Electric buses reduce diesel demand
According to a report published by BloombergNEF, by end of this year, a cumulative 270 000 barrels a day of diesel will have been displaced by electric cars. Most of the displacement will be in China where the electric vehicle revolution is way ahead compared to other nations. For every 1 000 electric buses on the road, 500 barrels of diesel are displaced each day and by 2040, electric vehicles would have displaced as much as 6.4 million barrels a day of diesel demand. If you are in the diesel industry, you better start planning for the future. Diesel demand will continue to fall.
Power generated from wind from passing vehicles
Technical University student Kerem Deveci has created ENLIL, a smart wind turbine project that transforms highways into renewable energy sources. Through his company Deveci Tech, vertical axis wind turbines fitted with solar panels are placed on the side of the road benefitting from the wind from passing buses. 300 of these are expected to generate enough energy to power 20 000 homes. The solar panels are also an added way to generate power. If replicated and implemented on a large scale, this system will change the world.
Apple delves into new territory
Battered by growing competition from Samsung and Huawei, Apple has decided to look elsewhere for better fortunes. But, they are not launching a new iPhone. However, they have launched new services, the Apple TV+, Apple Card, Apple News+ and Apple Arcade. Apple TV+ is an app offering add free streaming services with original content from Oprah Winfrey and others. The Apple Card allows customers to tap their iPhones to Apple Pay or swipe a CVV free, titanium, laser etched card. In addition, Apple News+ will feature stories from more than 300 leading magazines and newspapers like NatGeo and WSJ while Apple Arcade is a gaming subscription service with access to more than 1000 games. It remains to be seen if these new offerings will improve Apples fortunes.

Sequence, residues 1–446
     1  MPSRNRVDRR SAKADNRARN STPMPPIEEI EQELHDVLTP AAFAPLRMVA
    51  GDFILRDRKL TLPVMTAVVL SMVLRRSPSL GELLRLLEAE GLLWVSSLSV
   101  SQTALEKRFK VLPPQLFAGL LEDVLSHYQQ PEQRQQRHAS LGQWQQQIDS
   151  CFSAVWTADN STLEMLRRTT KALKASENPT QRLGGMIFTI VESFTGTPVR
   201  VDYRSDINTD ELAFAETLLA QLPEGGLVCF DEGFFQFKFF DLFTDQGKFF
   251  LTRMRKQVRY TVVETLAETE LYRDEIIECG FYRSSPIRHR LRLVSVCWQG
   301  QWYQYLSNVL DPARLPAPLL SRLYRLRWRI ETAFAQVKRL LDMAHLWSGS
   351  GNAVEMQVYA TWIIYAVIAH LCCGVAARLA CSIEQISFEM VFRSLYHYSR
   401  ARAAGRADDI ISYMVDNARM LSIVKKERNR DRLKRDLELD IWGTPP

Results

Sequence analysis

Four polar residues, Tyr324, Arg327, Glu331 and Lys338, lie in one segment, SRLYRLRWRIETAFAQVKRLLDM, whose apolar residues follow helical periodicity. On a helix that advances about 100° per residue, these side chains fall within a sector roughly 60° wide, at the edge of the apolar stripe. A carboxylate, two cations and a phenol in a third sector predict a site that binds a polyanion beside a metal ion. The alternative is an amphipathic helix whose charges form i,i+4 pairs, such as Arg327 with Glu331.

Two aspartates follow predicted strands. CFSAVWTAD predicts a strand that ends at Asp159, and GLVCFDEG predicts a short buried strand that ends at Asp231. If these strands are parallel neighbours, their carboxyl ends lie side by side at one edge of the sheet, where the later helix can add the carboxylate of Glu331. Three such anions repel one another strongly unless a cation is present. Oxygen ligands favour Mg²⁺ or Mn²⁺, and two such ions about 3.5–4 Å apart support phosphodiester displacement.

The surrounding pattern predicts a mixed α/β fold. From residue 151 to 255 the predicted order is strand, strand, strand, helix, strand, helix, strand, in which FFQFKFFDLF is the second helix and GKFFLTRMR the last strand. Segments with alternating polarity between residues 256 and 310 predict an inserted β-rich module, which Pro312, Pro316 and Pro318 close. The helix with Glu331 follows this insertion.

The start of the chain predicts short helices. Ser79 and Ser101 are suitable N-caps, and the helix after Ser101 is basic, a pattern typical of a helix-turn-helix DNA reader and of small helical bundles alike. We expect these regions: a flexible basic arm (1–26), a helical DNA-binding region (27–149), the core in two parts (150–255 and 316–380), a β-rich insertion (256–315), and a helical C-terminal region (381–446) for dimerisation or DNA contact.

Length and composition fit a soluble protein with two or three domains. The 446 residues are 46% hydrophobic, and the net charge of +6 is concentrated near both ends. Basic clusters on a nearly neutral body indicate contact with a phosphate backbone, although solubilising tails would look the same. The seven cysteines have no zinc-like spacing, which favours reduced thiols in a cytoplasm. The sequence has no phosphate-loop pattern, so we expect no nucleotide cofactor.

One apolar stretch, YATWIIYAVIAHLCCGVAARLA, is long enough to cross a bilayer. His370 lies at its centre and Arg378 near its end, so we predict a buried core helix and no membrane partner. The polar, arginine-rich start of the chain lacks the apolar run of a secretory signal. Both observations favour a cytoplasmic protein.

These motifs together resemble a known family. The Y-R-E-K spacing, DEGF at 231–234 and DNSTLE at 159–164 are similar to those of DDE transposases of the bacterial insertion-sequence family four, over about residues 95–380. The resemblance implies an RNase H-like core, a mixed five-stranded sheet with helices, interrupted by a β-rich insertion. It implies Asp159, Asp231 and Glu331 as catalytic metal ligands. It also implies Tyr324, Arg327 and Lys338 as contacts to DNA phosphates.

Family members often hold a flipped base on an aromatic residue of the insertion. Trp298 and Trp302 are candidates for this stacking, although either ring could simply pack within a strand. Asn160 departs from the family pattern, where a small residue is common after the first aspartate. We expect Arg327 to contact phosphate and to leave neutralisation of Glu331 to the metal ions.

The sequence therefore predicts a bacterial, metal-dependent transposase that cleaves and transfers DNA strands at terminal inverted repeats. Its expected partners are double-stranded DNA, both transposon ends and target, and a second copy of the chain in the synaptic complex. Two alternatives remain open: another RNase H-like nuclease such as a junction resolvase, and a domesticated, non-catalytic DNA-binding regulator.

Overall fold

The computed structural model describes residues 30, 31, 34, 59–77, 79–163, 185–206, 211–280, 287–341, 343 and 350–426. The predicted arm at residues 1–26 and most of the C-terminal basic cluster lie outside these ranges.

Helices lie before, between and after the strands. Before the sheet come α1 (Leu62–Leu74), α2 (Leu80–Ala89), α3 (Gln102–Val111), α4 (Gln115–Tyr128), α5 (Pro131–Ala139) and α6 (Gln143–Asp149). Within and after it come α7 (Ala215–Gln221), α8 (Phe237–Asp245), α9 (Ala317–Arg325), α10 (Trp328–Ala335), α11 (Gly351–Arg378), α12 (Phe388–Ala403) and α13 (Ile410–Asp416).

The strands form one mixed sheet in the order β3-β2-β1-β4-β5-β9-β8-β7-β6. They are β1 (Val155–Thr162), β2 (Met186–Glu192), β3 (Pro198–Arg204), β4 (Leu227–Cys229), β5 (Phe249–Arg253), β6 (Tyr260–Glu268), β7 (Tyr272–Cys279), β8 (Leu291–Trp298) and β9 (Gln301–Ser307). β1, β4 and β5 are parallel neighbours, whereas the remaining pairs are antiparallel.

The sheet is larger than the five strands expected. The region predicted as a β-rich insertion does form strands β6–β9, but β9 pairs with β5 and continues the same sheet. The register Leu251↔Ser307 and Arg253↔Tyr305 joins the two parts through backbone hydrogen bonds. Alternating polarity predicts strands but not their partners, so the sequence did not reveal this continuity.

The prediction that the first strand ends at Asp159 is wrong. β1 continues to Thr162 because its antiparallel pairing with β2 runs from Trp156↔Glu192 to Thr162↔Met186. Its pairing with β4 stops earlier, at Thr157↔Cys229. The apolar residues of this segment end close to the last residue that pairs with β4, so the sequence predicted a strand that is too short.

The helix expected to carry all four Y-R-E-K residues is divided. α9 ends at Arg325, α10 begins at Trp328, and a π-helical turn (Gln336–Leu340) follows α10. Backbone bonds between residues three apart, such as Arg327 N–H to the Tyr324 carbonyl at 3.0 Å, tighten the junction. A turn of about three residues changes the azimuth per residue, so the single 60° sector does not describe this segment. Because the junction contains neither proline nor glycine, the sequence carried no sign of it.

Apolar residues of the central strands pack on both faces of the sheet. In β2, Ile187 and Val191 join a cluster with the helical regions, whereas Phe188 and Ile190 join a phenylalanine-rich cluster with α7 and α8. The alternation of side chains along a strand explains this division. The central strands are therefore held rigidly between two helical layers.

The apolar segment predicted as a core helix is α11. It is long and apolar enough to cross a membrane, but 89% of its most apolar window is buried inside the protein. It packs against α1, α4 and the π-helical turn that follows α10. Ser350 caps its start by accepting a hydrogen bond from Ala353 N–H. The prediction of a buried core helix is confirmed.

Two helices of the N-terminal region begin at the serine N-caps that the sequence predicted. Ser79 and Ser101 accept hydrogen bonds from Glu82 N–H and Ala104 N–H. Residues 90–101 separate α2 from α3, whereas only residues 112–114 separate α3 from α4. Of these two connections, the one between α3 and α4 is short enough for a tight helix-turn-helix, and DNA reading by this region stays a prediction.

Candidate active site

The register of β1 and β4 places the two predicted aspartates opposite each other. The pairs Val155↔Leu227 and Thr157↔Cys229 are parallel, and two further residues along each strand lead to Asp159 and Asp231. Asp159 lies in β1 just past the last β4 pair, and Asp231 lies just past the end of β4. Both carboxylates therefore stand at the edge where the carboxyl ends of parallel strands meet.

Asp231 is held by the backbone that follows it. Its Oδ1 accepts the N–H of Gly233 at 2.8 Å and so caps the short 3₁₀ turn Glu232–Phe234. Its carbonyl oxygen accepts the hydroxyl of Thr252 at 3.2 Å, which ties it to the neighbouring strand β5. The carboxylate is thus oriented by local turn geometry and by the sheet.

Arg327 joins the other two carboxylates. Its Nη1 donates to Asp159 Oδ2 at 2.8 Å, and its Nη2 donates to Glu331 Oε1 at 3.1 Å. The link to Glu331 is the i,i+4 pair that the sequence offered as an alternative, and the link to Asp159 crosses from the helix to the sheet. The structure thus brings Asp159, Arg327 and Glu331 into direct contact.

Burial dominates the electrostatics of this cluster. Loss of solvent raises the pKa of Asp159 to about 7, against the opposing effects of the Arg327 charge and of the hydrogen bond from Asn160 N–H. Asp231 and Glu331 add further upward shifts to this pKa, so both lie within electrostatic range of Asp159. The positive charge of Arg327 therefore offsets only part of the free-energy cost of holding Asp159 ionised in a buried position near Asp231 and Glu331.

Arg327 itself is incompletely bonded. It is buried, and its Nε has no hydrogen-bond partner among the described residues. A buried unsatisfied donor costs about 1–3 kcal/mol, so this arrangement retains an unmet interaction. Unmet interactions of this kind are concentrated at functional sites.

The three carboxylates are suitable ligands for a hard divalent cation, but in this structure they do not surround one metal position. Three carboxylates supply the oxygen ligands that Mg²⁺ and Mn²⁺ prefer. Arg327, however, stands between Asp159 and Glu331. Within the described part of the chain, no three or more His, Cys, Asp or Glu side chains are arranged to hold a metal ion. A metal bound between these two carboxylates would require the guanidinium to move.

Maersk plans to cut CO2 emissions
Shipping giant Maersk is testing how biofuel can cut carbon dioxide emissions. They are partnering with Shell, Unilever and others in this trial. One of their biggest vessels, The Mette Maersk will go on a 25 000 nautical miles round trip from Rotterdam to Shanghai using a blend containing 20% of so-called second-generation biofuel produced from plant waste. This trip is expected to save the environment 1.5 million kilograms of carbon dioxide, an equivalent of what 200 households would emit in a year. This is massive. We need to note that about 90% of the world’s goods are transported by the shipping industry which is responsible for 3% of carbon dioxide emissions. Although the biofuel will be more expensive than normal marine fuel, it is its environmental impact that is of importance. Maersk are serious about clean fuel as they are also testing ammonia, hydrogen and electric batteries as options to power their more than 600 ships.